Running the race

The truth is that I’ve been in such an existential fog these last few years that I’m continually defining and redefining what I feel and what I want. Even what I mean. And it changes all the time because I change, and because for all my peering I can’t see clearly. I’m in a state of flux according to mood and circumstance, but whereas once I was firmly rooted in a sense of self, much of what I do and feel these days feels precarious. I can’t help but search for purpose or meaning regardless, that – at least – is a part of who I am, but there is little constancy in what I find. One day I think this. The next day the opposite. I proclaim what I want, what I need even, but the conviction waxes and wanes. It’s fortunate that I remain pragmatically competent. Otherwise I’d be totally lost.

I’m of the type that I think if I can figure things out, then I’ll be right. I like information. I like to understand things. If I lack for information or understanding, I go searching for it, even though little of it seems to add to my knowledge. The search is a meaning in itself. But then it needs to come to a point also. If this is the case, then what can I do? But it shifts all the time because that tenuous part inside me shifts all the time.

I’m a writer, and I can’t help but by thinking in metaphors often. I have a new one.

I feel like a former athlete who back in the day was top notch before injury struck. I’m over the injury now and to my surprise find I can run just as quick as I did before. I still like the sense of running fast. I even enjoy the odd competitive outing. I like the adrenalin, and proving I’ve still got it.

What I’ve lost is any joy or interest in the hard work that goes with it, the training and diet, etc. The idea of being organised into competitive events is anathema to me. I don’t mind racing, but on my terms, my whim almost. The joy I take is in the experience, not the outcome. I don’t have the appetite for anything else.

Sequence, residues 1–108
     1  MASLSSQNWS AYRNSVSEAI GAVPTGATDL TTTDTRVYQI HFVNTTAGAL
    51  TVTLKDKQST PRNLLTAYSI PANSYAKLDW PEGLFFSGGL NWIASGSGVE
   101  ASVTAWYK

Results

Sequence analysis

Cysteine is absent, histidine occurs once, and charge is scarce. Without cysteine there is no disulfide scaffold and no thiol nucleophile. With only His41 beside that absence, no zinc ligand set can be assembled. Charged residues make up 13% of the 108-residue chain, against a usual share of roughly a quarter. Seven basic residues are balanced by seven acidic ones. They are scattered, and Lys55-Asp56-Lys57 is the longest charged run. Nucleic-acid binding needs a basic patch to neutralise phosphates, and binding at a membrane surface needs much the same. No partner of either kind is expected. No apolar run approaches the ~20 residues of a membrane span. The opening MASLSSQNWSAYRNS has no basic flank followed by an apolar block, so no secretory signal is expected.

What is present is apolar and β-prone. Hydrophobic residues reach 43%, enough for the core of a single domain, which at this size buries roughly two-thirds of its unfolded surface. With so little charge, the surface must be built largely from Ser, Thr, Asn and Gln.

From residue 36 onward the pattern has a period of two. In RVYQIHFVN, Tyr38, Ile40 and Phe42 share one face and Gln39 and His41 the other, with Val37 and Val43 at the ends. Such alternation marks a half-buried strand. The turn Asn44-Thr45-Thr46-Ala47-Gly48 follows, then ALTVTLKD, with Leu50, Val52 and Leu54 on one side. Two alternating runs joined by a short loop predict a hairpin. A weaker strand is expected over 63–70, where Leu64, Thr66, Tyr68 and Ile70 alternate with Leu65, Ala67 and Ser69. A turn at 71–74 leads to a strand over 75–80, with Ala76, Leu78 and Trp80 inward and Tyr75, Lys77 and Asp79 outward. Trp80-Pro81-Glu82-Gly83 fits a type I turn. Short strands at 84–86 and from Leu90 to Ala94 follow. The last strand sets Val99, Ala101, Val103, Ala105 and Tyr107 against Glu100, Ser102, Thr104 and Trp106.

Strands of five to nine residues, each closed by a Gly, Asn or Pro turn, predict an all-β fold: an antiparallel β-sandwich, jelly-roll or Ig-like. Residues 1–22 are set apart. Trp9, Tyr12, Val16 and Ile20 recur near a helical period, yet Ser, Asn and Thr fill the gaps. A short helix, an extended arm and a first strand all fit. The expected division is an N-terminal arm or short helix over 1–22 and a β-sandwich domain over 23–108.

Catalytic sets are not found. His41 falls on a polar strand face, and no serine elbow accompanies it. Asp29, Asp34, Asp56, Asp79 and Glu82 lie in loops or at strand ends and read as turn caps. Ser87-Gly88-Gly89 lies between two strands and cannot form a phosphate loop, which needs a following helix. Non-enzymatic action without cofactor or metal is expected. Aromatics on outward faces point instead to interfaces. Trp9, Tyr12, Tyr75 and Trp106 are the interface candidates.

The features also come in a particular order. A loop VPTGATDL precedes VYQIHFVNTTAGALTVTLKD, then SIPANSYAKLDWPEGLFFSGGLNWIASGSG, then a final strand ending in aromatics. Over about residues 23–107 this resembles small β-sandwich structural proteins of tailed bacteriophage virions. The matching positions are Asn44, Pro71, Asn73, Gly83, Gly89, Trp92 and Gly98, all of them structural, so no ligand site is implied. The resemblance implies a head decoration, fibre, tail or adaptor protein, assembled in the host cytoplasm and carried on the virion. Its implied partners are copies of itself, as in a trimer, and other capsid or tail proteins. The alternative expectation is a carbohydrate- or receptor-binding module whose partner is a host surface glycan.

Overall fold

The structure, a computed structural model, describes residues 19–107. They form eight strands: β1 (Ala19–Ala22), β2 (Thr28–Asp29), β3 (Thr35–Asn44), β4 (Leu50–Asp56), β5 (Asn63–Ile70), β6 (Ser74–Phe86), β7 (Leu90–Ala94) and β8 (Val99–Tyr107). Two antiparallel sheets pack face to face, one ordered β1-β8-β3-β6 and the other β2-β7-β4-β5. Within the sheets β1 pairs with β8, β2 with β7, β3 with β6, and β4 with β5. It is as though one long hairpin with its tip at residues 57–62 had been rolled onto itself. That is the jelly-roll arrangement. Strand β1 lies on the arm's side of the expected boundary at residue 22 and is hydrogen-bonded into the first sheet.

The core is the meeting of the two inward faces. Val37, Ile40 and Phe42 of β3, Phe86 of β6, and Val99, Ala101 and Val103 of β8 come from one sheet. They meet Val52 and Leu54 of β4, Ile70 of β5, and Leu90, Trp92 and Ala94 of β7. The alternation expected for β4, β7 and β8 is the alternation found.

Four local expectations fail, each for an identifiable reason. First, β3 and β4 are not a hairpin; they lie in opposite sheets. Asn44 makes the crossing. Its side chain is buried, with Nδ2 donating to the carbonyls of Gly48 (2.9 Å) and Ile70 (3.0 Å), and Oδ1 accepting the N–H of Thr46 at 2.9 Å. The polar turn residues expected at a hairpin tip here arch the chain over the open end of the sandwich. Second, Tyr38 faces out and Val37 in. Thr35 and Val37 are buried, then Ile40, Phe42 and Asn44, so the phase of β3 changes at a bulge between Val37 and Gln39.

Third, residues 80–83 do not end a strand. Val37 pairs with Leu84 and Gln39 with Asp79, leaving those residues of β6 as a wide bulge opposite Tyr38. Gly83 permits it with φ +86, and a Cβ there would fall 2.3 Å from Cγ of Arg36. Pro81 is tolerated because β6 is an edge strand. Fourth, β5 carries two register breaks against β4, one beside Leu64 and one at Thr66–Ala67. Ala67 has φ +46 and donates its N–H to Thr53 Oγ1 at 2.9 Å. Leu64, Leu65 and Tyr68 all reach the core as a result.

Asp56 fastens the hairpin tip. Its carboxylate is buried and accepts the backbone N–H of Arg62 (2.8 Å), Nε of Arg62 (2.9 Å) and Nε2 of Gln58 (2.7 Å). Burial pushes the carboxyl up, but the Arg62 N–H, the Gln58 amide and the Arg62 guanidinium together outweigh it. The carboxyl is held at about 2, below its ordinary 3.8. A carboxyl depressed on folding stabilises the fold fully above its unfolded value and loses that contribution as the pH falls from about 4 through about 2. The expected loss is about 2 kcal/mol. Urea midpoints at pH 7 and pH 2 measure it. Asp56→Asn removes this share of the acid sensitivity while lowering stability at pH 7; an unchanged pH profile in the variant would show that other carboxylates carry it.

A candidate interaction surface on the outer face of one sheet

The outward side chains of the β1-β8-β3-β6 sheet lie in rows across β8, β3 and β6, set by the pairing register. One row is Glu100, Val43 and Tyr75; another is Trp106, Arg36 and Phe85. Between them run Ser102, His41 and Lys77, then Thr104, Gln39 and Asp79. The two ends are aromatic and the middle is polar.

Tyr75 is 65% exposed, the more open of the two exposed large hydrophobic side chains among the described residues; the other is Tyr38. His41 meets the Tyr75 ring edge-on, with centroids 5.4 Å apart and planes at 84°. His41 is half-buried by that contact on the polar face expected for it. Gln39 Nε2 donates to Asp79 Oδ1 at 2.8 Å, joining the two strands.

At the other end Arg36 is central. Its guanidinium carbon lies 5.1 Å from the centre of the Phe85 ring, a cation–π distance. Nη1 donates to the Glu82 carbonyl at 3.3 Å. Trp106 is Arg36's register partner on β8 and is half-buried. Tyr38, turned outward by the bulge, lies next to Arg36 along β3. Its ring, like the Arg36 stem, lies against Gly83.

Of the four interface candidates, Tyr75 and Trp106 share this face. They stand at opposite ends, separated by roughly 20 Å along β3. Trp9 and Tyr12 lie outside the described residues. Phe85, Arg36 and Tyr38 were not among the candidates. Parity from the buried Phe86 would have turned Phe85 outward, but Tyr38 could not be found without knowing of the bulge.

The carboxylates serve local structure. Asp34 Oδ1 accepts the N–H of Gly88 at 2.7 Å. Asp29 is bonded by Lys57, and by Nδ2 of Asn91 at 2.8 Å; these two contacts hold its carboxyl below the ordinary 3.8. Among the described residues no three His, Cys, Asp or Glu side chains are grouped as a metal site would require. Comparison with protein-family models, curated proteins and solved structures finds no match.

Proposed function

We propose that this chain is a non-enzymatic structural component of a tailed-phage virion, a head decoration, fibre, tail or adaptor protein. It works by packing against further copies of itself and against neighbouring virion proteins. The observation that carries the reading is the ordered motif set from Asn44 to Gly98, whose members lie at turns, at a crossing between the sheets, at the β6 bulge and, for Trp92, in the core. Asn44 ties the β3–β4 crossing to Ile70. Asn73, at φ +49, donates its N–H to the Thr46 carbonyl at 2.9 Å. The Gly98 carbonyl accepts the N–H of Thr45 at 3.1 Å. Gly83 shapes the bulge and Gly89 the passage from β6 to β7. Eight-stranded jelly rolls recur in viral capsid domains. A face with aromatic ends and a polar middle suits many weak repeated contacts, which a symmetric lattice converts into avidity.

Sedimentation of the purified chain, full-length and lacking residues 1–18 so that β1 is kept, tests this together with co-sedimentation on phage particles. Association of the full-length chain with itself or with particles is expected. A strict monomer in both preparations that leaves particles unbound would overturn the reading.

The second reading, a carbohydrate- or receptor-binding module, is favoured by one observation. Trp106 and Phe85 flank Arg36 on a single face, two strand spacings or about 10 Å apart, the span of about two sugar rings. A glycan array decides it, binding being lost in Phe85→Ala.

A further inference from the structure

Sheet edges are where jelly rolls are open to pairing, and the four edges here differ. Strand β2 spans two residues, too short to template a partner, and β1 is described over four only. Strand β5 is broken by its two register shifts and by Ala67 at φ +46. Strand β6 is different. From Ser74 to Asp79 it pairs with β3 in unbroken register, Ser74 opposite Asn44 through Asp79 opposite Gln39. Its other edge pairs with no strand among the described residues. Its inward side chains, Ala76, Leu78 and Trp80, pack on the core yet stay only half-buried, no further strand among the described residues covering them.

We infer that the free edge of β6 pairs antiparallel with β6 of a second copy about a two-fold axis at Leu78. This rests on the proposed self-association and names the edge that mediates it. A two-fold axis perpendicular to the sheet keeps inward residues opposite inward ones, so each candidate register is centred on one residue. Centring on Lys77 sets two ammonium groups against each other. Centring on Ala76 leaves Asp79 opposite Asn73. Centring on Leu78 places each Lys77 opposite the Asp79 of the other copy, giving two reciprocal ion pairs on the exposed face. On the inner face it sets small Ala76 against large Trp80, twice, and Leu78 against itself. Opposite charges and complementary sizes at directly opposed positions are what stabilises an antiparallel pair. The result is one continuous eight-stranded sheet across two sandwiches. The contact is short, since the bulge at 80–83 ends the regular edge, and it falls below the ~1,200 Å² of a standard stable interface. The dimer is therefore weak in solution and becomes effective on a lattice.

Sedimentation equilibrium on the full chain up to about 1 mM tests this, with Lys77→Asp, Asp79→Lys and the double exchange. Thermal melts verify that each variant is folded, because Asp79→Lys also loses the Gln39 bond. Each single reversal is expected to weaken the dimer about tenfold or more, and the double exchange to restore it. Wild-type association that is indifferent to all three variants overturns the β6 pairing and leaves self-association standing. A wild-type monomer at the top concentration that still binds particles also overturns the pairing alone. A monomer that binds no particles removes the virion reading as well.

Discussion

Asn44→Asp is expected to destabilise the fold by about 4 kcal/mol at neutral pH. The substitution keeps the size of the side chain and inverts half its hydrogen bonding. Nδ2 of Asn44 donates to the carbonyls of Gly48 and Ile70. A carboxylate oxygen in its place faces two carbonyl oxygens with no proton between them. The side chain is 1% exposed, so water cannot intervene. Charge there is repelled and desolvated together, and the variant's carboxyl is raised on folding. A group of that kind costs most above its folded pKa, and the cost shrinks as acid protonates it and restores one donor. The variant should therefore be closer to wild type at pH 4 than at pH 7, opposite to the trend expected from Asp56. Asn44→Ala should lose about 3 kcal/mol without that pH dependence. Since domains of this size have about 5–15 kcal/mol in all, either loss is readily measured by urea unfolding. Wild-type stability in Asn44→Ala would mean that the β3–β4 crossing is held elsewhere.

What complicates it is that I still like to win. I can choose to compete less, but when I do I expect to come out in front. In the meantime, I watch others, cocky with their achievements, but never as quick as me, take the kudos that were mine once.

When I choose to extend myself, they get their noses out of joint, but I enjoy reminding them of what’s what. It doesn’t mean anything, though. It’s an indulgence. Ego. It adds up to nothing because while I show up occasionally, they’re busy racing on the circuit.

This is the truth of my professional situation, at least. Sometimes I think I want to compete at a higher level, but I know it in my stomach it’s not something I can apply myself to. I’m lucky I’m still quick. I have small wins, I find a measure of respect, but I shirk the big races because I don’t think I want what victory brings me. But I still want to win.

There’s something frail in me these days which upsets mightily that macho sense of self. It’s new to me. I’ve always been sensitive, but I was always robust (and, you know, most people who know me would claim I still am – they just don’t know the full picture). I was brought up to take challenges head-on. I never shirked anything. That made me hard and strong and honed my skills. I’m not that man now, or hardly. I understand in a way, and wonder even if it might not be for the best – but it’s a hard thing to concede.

I was browsing Twitter last night and encountered the latest faux outrage about something someone has said or done. As always, the reaction is totally disproportionate to the incident, and the tone and language violent and over the top. I’ve seen this so many times, but last night I quietly went about unfollowing people I couldn’t abide anymore, while something fell away in me. My grip on things then was very tenuous. I felt emotional. It upset me that I was so upset. This is who I’ve become now, though. Imagine that.

Then a movie came on an I started watching that, an old classic from the forties: A Matter of Life and Death. It’s a Michael Powell movie and very well crafted and entertaining, but what really got to me was the humanity of it. This was made just after WW2, and maybe some of the euphoria of victory infected it a little, but it was a horrible event – and yet here was a movie positive and hopeful and full of simple wisdom and belief in common people. It served as an antidote to what I’d been feeling, but I also wondered why we’re not like that anymore? What have we lost, and can it be regained? And I thought, next book I write, let’s make it positive.

That’s the state of the nation today.

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